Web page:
The presence of osteoarthritis may be associated with certain causes and risk factors. Previous beliefs say that degenerative joint disease is caused by mechanical injury such as exercise, however, more recent studies has not found any association between osteoarthritis and exercise in normal individuals. Cracking of the knuckles and toes also do not have any association with the occurrence of osteoarthritis. Causes of degenerative joint disease include the following depending on the type of osteoarthritis:

Primary Osteoarthritis

The causes of primary osteoarthritis include:

Aging. Aging causes the fluid in the cartilage to diminish because of a reduction in proteoglycan. Proteoglycan is responsible for protecting the joint and a reduction of it can lead to joint degeneration.

Heredity. Primary osteoarthritis may also be inherited. In fact, identical twins have a high risk for developing the disease when the other twin or sibling already develops it because of certain genetic factors.

Secondary Osteoarthritis

Secondary osteoarthritis develops following certain medical conditions that destroy the joints and cartilages. These include:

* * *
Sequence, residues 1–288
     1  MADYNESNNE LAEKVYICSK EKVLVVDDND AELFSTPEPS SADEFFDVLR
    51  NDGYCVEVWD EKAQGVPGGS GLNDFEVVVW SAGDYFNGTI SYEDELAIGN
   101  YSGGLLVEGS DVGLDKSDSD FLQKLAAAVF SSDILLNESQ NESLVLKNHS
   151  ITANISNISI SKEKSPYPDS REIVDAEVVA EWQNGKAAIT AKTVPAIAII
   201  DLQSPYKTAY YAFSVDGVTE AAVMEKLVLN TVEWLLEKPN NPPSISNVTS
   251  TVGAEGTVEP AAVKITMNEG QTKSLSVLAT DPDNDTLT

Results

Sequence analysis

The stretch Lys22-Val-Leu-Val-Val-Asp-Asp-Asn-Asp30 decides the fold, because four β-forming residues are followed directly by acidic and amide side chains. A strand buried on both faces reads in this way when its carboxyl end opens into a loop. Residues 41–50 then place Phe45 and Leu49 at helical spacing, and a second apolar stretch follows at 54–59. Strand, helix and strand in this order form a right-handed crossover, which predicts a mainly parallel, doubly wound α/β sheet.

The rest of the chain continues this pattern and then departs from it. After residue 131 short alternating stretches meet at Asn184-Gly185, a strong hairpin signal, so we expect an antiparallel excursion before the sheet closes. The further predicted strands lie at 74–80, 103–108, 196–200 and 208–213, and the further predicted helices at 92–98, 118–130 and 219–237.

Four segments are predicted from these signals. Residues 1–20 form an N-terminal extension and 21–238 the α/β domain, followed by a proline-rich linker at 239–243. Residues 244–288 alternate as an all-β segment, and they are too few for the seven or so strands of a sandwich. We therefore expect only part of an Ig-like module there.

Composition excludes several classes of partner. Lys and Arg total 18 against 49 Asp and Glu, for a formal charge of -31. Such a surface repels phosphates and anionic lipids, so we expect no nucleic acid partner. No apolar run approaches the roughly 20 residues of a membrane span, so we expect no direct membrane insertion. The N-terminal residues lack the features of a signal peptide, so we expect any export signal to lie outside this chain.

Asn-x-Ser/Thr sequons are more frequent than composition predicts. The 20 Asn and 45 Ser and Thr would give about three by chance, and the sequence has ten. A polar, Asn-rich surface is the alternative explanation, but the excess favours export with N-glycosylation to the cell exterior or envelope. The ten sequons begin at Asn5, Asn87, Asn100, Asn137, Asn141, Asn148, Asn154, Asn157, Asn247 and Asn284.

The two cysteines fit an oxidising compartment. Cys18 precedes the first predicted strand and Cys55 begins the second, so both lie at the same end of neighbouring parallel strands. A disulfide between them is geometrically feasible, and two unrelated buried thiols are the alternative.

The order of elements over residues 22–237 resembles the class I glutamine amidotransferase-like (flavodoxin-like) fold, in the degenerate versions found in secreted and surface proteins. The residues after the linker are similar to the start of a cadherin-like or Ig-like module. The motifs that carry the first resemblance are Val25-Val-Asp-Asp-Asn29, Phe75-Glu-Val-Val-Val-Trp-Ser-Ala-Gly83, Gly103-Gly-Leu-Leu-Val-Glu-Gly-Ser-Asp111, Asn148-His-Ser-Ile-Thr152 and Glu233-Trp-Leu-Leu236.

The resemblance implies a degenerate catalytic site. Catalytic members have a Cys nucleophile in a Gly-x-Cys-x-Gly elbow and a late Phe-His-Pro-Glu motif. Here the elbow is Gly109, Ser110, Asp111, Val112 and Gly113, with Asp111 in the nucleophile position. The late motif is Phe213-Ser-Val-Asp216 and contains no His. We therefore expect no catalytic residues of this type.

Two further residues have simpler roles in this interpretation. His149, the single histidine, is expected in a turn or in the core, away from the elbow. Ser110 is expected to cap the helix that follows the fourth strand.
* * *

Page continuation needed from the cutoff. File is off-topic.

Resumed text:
Obesity. Being obese or overweight gives undue tension on the weight-bearing joint. As a result, the cartilage and synovium undergoes degeneration from the increased force between the bones. This eventually leads to wearing of the cartilage and contact of the bones with each other.

Other causes include

  • Congenital joint disorders
  • Injury to the joint
  • Diabetes
  • Other forms of arthritis that increases joint degeneration
  • Instability of the ligaments
  • Septic arthritis
  • Marfan syndrome
  • Wilson’s disease
  • Hemochromatosis

Pathophysiology  of Degenerative Joint Disease

Osteoarthritis involves the degeneration of the joint specifically the subchondral bones and the cartilage. The cartilage is the tough and elastic tissue found in between the bones that is responsible for joint movement. The cartilages often do not have a blood supply and it gets nutrients and oxygen through diffusion from surrounding blood vessels. The movement of the joint also is guided by the synovial fluid between the joint. Without this fluid, it becomes very difficult for the joint to perform its range of motion. The synovial fluid serves as a grease to allow smooth joint movement.